François Boucher (1703-1770) has suffered a curious fate: to have been so identified with the French Rococo as to have lost his visibility as an artist in his own right. Rethinking Boucher reclaims the artist's individuality, revealing not only the diversity of his talents but also the variety of visual and intellectual traditions with which he engaged.
In part one, "The Various Boucher," Melissa Hyde, Colin Bailey, and Martin Schieder examine the artist's identity in relation to his portraits and self-portraits, his ingenious genre scenes, and his overlooked religious paintings. In part two, "The Unexpected Boucher," Katie Scott, Mark Ledbury, and Mary D. Sheriff focus on the network of social and cultural contexts in which the artist functioned, including the commercial print market, the theaters of Paris, and the contemporary textual explorations of the exotic. In the final part, "The Enlightened Boucher," René Démoris, Ewa Lajer-Burcharth, and Thomas M. Kavanagh discuss Boucher's work as a vehicle for Enlightenment visions of the body, whether conjured by Denis Diderot and Jean-Jacques Rousseau or Madame de Pompadour, Boucher's most famous patron.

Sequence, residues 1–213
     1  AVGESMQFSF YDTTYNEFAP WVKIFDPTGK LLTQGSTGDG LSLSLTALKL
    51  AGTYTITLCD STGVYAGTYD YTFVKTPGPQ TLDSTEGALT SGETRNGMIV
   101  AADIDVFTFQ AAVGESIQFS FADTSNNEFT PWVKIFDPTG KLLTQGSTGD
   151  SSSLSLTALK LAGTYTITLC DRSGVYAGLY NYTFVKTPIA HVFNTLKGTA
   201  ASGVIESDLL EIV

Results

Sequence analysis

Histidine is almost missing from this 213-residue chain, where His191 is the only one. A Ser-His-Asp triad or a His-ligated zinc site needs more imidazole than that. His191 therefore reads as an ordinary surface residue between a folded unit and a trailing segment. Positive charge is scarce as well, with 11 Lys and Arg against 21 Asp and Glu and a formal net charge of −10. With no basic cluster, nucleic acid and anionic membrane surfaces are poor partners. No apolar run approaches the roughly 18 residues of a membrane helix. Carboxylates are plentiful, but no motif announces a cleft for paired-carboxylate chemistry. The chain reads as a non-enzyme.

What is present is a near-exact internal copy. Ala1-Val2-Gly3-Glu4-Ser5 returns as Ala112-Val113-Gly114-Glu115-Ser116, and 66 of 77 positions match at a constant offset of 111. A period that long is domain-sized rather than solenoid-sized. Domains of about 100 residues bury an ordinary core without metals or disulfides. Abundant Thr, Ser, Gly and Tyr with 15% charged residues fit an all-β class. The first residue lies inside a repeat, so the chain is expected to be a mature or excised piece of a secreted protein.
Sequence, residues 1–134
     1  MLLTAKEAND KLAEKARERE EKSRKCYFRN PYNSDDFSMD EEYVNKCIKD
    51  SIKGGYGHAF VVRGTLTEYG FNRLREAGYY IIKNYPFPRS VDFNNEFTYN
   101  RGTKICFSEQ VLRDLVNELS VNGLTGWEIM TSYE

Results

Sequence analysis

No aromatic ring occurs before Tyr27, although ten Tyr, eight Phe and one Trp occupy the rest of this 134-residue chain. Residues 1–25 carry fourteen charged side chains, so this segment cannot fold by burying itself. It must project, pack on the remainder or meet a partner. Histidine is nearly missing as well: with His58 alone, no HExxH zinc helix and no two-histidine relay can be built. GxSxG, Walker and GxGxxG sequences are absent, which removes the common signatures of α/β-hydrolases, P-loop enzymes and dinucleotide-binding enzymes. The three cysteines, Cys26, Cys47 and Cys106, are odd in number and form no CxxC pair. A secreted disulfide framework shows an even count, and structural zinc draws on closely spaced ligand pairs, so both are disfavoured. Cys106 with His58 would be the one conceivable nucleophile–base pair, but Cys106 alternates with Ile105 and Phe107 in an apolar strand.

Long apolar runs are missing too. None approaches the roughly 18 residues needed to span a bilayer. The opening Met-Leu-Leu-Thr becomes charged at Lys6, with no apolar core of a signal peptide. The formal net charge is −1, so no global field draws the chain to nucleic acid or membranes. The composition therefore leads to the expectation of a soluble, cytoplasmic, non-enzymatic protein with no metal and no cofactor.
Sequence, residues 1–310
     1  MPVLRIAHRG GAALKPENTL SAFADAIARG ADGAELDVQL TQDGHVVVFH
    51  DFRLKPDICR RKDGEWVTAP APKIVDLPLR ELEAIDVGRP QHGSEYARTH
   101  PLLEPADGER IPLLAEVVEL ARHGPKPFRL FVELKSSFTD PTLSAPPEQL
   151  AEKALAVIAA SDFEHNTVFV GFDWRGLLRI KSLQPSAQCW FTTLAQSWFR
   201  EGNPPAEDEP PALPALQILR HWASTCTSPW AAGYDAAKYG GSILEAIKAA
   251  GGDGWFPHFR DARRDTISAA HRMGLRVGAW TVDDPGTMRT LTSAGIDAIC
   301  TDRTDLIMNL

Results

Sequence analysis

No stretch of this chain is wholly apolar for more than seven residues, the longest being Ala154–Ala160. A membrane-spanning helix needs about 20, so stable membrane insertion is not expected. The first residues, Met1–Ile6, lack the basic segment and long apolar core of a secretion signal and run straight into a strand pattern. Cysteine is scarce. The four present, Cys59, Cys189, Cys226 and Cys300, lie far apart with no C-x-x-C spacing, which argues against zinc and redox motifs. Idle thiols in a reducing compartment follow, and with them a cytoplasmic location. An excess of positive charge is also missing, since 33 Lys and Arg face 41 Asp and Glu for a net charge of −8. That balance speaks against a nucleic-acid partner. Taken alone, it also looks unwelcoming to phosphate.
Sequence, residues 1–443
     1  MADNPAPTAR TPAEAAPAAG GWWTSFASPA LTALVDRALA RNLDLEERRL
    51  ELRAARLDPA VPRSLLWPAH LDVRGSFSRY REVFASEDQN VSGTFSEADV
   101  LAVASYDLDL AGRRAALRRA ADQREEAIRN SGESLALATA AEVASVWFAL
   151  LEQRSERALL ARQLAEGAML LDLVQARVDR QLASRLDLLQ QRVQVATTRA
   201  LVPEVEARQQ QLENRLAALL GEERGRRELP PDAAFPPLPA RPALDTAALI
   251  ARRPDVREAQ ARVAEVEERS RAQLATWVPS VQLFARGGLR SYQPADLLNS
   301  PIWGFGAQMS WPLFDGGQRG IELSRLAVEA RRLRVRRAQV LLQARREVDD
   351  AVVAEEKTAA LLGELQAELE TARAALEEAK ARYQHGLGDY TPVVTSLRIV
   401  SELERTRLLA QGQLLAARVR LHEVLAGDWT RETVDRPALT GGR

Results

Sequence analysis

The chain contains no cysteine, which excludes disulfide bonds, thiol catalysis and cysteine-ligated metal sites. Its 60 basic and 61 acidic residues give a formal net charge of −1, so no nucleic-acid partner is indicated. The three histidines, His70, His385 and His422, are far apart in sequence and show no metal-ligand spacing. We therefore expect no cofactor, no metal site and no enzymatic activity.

Melissa Hyde is associate professor of art history at the University of Florida, Gainesville. Mark Ledbury is associate director of the Research and Academic Program at the Sterling and Francine Clark Art Institute, Williamstown, Massachusetts.
Series: Issues & Debates
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